Social event of the year

Published 12:00 am Thursday, September 30, 2004

They come from miles away, twice each year, and more people than usually vote in any Suffolk

borough, to attend the Chuckatuck Volunteer Fire Department fish fry. One gentleman said he came all the way from Carolina Road and a lady journeyed from Norfolk at the suggestion of a Chuckatuck cousin. Both were pleased with the gourmet Tilapia, hush puppies, coleslaw, and boiled potatoes lavishly splashed with butter. My role was to sit on a stool, take tickets, and greet the guests. I sat there 3 1/2 hours as they poured in at a steady rate from 3:30-7 p.m.

You know the size of the fire hall and it was jammed continuously, finding an empty seat was not easy but everyone managed. The event is planned to perfection and there were three lines of production. One was the main chow line where you pick up your load, then the line for ”seconds,” and a third line just for carryout. All were busy from the git-go. The building is a safe place to eat, the fire department was right there and all the huge doors were wide open and the cooking is done in a separate fireproof room.

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You never saw such a well-oiled kitchen machine. Everyone seems to be a specialist and must be so there are no holdups at the lines. Everything but the coleslaw is hot. Looking into that kitchen is like looking into a beehive, the in and out traffic is tuned so that a man carrying hush puppies through the one and only door will never collide with a pan of fish in transport. How they can see through all that steam is a wonder. I think I counted twenty scurrying volunteer firemen in the kitchen alone. Other firemen and volunteers, wives and friends, served the food. There was even one fireman, about the size of a mountain, pouring iced tea as fast as another put ice in the glasses. Apparently that is his specialty. I’ve seen him do it for years. I saw no one from city hall but I saw our stalwart Chris Jones handling hot fish with aplomb.

What I especially like to see is old friends greet each other, sometimes in the waiting line but most when they spot someone already seated that they know. Lots of hugs, kisses, and handshakes like it’s been years but they probably saw each other last June at the first 2004 Firemen Fish Fry. I asked two old-timer firemen how many years they have held the fish fry and both said it was either since 1968 or 1772. Either way a lot of fish have made the trip through the frying process. And at each event there are many moms with new babies and that indicates there will always be a Chuckatuck.

If they ever put in that new Kings Highway Bridge in a different location where they say it will be, the little village of Chuckatuck will become nearly a pedestrian stroll except for that part on Godwin. Many homes in Chuckatuck appear to be under restoration construction and the village could become a sort of &uot;twilight zone,&uot; quiet and peaceful like the old days. The old fashioned streetlights added a measure of quaintness. The post-office is unique and the &uot;postmaster,&uot; is cute as a bug. When she came through the chow line she looked different because there were no bars in front of her face.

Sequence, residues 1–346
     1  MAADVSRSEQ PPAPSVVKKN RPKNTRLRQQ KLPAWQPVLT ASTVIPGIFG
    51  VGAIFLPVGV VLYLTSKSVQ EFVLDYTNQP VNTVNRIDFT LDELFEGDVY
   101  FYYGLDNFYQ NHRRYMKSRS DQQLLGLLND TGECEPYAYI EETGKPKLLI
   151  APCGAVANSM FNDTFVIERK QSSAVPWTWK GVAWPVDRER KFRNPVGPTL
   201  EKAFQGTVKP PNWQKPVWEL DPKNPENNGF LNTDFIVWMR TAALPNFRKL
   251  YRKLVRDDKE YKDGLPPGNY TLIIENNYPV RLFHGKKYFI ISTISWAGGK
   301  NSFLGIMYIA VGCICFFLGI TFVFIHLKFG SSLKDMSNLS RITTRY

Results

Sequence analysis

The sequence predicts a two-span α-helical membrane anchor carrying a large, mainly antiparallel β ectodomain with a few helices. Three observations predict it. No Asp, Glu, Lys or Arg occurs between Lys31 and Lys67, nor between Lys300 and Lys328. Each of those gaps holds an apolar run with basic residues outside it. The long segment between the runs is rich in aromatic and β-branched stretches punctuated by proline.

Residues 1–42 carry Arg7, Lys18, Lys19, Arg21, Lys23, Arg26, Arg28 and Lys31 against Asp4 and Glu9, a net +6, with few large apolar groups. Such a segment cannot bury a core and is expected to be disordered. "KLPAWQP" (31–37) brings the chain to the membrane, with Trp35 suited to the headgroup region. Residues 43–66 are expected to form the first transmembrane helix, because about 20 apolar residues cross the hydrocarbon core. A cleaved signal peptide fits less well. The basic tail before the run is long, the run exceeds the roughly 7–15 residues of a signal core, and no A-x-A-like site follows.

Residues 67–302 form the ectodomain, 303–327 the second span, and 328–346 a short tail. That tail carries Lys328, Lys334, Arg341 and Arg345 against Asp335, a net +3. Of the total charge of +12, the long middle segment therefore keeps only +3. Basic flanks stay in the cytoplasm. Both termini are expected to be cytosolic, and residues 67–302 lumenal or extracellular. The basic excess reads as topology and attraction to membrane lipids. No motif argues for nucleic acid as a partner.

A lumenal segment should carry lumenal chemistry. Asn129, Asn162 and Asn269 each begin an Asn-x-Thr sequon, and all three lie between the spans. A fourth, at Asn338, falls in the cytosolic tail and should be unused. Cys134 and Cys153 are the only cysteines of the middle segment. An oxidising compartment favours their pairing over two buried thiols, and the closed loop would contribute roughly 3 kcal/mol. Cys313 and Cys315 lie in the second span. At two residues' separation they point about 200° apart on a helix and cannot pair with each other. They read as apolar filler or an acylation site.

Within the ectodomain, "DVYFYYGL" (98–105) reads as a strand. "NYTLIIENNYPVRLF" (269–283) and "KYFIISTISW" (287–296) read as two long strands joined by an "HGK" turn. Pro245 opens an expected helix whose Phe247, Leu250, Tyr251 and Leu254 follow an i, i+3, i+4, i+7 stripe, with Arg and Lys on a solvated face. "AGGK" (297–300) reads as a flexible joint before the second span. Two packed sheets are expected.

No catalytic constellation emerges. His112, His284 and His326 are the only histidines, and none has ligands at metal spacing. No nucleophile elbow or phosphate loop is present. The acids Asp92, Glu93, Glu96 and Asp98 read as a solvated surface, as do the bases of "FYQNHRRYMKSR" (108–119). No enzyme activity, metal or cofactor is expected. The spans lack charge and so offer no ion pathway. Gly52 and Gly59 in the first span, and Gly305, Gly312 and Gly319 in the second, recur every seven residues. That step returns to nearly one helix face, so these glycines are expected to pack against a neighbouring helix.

There is still the question of the dangerous intersection, unattractive at this point, but I’ve seen colorful renderings of how it could look. I’d be inclined to wait changes until the new bridge is installed, as there will be far less traffic east and west. Right now it’s take your chances coming, scoot and go off Kings Highway…a VDOT triumph.


We saw in the Suffolk News Herald the new mayor taking his turn at extolling the virtues of our &uot;Downtown.&uot; My first thought was that there must be one huge hunk of the population of Suffolk that never see downtown unless Court or DMV business forces them to travel. Most all of the mayor’s praise we’ve heard from other officials over time but I notice now it’s becoming customary to add new restaurants to the list as they come on line.

When I total the sheer number of Suffolk eateries, including &uot;fast&uot; food outlets, the word &uot;cannibal&uot; comes to mind. I have the feeling, with so many choices available for meals; they can’t all maintain a sufficient steady clientele. I hope I’m wrong but the supply of hungry people willing to eat out Downtown seems quite limited to me. I get the feeling that diners shift around looking, for the niche that satisfies them. Opening week is one thing; maintaining a steady flow of regulars is something else. But a five-movie theatre could change things.

Robert Pocklington is a regular News-Herald columnist. Reach him at